dence-based knowledge to formulate physical activ-
active lifestyle for children in an attempt to put a
ity recommendations and guidelines for chil-
stop to the increasing prevalence of obese chil-
However, a recent review contributed sig-
Although it can be considered as simplistic
nificantly to the understanding of the effects of
and vague, one approach is to recommend reducing
regular physical activity on health in children.
the proportion of sedentary to active behaviours,
addition to providing support for the beneficial ef-
rather than quantifying specific amounts of physical
fects of physical activity on a wide range of health
activity (periodicity, intensity, duration). In theory,
outcomes in children, Strong et al.
by limiting sedentary behaviour, physical activity
a minimum of 1 hour/day of moderate to vigorous
should automatically increase; the activity does not
activity. This is similar to other recommendations
necessarily have to be structured or prescribed ses-
concerning physical activity in children.
sions of exercise.
Therefore, it may be more
Making recommendations is relatively easy –
useful to make recommendations about limiting sed-
achieving the recommendations is the most chal-
entary behaviours rather than targeting a threshold
lenging task. To make the situation more complicat-
of physical activity (e.g. 1 hour/day). Of course, this
ed, there is also the issue of differentiating between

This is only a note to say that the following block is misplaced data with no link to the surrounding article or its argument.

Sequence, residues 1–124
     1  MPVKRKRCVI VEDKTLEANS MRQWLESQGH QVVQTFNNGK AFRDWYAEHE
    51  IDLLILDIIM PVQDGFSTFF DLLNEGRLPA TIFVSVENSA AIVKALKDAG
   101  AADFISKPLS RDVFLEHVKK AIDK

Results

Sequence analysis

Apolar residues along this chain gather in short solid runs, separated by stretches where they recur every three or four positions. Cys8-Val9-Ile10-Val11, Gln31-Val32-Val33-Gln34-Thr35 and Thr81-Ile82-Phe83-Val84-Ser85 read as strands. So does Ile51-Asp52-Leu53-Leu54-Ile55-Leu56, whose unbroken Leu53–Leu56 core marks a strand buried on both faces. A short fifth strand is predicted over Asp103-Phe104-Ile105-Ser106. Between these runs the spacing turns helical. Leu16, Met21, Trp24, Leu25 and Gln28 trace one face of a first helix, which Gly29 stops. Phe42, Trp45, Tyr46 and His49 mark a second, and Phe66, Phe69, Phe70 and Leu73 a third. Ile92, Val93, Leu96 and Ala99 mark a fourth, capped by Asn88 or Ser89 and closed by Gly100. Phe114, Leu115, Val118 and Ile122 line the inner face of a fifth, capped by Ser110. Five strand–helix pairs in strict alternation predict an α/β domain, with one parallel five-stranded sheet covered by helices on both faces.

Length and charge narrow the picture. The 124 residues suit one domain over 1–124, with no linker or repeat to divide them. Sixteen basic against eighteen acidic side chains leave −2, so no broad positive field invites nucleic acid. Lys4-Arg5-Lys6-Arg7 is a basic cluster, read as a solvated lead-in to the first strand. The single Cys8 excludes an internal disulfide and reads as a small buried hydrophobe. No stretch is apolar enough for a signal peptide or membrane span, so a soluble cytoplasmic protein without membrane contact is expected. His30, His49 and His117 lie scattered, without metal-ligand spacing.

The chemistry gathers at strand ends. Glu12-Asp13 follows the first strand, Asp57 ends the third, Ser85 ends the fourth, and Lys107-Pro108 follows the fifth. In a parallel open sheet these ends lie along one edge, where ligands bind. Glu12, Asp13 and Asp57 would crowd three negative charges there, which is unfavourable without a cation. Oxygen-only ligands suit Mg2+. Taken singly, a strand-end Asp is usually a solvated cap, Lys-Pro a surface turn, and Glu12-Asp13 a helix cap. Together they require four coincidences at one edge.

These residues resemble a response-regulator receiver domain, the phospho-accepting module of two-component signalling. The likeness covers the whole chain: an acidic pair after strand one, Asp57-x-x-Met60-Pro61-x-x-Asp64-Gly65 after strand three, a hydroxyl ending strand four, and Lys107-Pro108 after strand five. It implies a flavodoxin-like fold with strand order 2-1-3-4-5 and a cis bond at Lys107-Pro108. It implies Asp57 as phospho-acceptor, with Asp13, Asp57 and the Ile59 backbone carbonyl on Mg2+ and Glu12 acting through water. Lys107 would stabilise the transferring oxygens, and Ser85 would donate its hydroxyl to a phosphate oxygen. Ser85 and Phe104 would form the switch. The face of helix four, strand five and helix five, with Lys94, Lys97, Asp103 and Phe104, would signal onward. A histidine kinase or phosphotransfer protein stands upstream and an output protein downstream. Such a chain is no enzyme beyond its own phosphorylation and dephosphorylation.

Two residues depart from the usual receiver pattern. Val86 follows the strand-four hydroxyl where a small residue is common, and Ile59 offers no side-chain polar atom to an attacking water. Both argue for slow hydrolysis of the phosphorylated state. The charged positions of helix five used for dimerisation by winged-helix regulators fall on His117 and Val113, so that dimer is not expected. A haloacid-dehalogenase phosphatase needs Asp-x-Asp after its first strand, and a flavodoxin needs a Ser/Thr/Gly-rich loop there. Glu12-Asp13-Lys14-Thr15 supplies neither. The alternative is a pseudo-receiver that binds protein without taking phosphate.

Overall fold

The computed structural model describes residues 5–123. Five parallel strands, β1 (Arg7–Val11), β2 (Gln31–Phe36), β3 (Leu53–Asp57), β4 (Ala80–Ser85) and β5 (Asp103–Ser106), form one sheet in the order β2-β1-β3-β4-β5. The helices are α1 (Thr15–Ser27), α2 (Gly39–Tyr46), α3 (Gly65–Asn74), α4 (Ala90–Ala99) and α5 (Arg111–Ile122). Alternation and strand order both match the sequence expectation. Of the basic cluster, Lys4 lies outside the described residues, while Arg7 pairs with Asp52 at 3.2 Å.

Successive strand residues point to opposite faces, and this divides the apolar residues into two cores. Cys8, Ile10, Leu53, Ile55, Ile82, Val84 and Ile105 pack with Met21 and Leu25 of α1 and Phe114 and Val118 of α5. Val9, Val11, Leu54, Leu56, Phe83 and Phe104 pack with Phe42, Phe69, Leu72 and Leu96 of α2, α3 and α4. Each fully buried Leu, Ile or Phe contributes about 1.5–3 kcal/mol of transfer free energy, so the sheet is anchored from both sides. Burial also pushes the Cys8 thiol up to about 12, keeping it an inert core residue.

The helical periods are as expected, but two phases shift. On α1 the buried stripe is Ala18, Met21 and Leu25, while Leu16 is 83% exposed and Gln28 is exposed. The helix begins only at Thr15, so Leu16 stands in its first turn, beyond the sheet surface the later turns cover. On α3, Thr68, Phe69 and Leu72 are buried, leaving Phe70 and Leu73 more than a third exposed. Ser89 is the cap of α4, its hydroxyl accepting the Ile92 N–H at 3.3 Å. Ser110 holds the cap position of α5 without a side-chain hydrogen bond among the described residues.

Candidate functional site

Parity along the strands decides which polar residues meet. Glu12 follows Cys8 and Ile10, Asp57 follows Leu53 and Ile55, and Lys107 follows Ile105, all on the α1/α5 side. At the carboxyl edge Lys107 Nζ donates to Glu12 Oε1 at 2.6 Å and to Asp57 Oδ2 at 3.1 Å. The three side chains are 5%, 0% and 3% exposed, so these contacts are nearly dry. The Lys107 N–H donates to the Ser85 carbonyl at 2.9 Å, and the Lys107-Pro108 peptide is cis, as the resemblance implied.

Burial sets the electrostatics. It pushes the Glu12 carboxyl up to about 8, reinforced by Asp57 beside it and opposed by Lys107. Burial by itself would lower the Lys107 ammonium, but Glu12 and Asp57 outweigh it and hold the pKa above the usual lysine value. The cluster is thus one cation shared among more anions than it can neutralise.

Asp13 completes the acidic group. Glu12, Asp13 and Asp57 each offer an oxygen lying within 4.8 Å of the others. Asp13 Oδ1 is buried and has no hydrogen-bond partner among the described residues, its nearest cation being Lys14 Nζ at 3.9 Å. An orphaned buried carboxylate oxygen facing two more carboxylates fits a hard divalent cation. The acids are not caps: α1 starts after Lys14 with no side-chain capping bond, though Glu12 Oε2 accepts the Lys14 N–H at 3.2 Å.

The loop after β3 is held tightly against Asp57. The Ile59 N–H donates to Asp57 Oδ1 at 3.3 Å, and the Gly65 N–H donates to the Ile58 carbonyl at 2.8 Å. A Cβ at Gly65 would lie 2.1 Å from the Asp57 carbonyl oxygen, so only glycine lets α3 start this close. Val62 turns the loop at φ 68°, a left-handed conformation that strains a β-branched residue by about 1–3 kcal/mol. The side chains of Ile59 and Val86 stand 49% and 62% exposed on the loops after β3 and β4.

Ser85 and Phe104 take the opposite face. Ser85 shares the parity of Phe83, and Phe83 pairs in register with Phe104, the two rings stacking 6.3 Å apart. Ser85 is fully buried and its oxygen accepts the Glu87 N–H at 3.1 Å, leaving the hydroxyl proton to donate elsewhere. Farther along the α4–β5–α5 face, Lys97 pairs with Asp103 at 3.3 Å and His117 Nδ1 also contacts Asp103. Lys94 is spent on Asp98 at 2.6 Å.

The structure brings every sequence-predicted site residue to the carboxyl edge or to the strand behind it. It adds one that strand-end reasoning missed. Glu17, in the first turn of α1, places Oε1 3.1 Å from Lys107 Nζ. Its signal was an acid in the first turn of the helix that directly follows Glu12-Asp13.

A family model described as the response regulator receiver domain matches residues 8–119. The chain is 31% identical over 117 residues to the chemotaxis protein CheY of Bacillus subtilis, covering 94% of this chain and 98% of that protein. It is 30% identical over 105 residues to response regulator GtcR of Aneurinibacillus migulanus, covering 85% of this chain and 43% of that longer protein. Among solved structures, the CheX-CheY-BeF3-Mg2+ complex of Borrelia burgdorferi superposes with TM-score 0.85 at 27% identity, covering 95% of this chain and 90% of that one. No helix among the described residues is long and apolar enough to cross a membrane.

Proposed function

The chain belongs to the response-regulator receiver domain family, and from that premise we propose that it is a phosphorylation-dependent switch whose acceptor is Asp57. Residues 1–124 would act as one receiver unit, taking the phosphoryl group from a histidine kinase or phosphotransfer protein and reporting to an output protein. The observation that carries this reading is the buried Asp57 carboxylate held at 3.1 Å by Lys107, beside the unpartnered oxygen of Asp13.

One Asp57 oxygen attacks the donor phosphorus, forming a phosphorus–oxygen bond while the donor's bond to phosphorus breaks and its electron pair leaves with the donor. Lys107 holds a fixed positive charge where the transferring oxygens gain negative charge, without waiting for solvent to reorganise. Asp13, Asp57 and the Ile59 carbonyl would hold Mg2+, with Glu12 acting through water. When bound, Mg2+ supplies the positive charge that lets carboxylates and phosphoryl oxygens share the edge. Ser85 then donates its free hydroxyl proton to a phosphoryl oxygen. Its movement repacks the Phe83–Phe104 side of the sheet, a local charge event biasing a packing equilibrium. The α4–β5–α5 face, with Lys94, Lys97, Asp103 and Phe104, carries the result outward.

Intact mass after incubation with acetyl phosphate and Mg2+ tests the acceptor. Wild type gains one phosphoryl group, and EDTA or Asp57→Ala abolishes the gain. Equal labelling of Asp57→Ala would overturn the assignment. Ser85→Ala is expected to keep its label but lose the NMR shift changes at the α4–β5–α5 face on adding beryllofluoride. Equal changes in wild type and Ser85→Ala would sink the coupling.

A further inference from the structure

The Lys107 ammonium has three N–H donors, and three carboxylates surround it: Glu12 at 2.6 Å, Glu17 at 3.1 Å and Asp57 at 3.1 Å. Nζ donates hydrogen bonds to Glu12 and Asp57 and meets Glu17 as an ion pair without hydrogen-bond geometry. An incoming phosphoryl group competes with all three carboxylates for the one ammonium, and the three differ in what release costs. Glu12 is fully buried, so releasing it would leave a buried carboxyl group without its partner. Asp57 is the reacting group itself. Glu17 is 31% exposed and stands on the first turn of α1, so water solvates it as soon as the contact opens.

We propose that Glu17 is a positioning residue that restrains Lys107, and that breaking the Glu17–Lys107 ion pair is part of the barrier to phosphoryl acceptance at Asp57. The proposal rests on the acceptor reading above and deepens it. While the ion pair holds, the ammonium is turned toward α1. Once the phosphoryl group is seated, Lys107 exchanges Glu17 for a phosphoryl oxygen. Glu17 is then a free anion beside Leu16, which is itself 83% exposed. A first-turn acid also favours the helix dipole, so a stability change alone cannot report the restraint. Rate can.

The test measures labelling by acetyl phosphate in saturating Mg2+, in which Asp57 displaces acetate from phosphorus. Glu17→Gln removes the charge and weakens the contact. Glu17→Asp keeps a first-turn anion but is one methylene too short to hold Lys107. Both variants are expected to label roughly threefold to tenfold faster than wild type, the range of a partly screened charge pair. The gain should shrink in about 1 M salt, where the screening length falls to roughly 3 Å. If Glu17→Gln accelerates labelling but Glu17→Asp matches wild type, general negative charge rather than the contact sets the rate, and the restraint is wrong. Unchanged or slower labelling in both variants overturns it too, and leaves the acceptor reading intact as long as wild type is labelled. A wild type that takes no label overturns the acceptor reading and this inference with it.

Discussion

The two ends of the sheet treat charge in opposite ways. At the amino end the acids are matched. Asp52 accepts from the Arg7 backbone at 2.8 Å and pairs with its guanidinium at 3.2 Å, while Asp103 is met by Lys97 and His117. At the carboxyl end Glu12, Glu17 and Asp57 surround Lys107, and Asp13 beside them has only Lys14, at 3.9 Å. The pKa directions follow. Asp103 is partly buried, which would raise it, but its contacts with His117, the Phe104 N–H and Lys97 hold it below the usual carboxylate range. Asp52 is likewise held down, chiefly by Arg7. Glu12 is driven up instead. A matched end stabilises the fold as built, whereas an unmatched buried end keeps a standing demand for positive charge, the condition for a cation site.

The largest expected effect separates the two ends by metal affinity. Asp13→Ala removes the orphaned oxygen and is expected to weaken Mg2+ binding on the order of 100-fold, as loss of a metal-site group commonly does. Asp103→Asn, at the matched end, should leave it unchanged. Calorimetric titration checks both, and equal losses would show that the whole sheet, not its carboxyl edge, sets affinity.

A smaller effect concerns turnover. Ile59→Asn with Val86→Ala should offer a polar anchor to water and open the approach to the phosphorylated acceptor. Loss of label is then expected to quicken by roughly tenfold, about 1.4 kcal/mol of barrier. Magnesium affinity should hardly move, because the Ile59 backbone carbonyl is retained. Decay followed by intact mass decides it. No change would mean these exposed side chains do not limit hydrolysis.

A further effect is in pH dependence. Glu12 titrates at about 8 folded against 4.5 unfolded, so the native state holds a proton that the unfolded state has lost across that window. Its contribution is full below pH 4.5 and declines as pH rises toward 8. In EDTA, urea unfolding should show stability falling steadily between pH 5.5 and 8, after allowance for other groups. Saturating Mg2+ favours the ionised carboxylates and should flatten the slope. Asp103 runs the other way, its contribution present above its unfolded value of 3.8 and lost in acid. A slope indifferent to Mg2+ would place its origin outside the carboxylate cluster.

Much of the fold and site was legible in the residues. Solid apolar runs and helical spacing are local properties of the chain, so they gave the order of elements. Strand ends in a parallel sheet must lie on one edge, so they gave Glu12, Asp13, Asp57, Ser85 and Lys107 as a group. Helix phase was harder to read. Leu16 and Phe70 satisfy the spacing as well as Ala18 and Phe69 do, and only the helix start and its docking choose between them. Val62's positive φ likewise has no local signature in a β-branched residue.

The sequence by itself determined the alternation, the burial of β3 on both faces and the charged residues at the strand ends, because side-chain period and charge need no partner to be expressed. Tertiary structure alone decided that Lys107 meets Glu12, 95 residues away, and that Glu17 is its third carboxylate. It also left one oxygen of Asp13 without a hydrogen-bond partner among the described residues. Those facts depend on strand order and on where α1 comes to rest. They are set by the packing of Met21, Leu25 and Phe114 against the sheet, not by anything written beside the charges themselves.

is not simple to achieve given the continuing envi-
the health benefits of activity when making physical
ronmental pressures that promote and facilitate a
activity recommendations. For example, should the
sedentary lifestyle. Therefore, environmental factors
recommendations be the same for cardiovascular-
need to change if physical activity strategies and
related and bodyweight (prevention or treatment of
interventions are going to be successful.
weight gain) benefits?
It is only recently that
ing transport policies
and replacing car
recommendations for adults have differentiated be-
travel to and from school with walking and cy-
tween these two activity-related health benefits.
are a few examples of suggestions for
Most physical activity recommendations are too
interventions that could significantly contribute to
general and do not take into consideration factors
increasing physical activity.
such as body mass index.
For children, it is
not necessary or pragmatic to complicate the situa- If incidental activity of children is decreasing, the